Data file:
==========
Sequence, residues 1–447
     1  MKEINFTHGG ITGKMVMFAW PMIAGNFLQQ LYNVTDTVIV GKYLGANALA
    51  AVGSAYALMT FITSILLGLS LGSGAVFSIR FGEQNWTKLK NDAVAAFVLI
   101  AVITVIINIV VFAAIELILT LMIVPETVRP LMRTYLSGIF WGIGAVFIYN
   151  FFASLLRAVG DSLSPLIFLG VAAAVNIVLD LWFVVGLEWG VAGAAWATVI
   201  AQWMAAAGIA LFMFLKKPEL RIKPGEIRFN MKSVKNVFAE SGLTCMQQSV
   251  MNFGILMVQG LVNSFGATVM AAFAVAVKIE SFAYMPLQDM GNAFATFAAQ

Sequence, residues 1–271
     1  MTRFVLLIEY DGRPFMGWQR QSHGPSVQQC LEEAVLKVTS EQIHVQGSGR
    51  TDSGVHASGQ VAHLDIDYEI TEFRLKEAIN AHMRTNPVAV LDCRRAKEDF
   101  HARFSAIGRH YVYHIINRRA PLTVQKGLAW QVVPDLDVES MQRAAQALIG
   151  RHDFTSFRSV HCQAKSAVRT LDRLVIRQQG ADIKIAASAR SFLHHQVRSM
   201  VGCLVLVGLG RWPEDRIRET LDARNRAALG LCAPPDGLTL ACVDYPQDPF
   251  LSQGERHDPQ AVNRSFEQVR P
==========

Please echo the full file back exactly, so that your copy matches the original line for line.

Sequence, residues 1–447
     1  MKEINFTHGG ITGKMVMFAW PMIAGNFLQQ LYNVTDTVIV GKYLGANALA
    51  AVGSAYALMT FITSILLGLS LGSGAVFSIR FGEQNWTKLK NDAVAAFVLI
   101  AVITVIINIV VFAAIELILT LMIVPETVRP LMRTYLSGIF WGIGAVFIYN
   151  FFASLLRAVG DSLSPLIFLG VAAAVNIVLD LWFVVGLEWG VAGAAWATVI
   201  AQWMAAAGIA LFMFLKKPEL RIKPGEIRFN MKSVKNVFAE SGLTCMQQSV
   251  MNFGILMVQG LVNSFGATVM AAFAVAVKIE SFAYMPLQDM GNAFATFAAQ

Sequence, residues 1–271
     1  MTRFVLLIEY DGRPFMGWQR QSHGPSVQQC LEEAVLKVTS EQIHVQGSGR
    51  TDSGVHASGQ VAHLDIDYEI TEFRLKEAIN AHMRTNPVAV LDCRRAKEDF
   101  HARFSAIGRH YVYHIINRRA PLTVQKGLAW QVVPDLDVES MQRAAQALIG
   151  RHDFTSFRSV HCQAKSAVRT LDRLVIRQQG ADIKIAASAR SFLHHQVRSM
   201  VGCLVLVGLG RWPEDRIRET LDARNRAALG LCAPPDGLTL ACVDYPQDPF
   251  LSQGERHDPQ AVNRSFEQVR P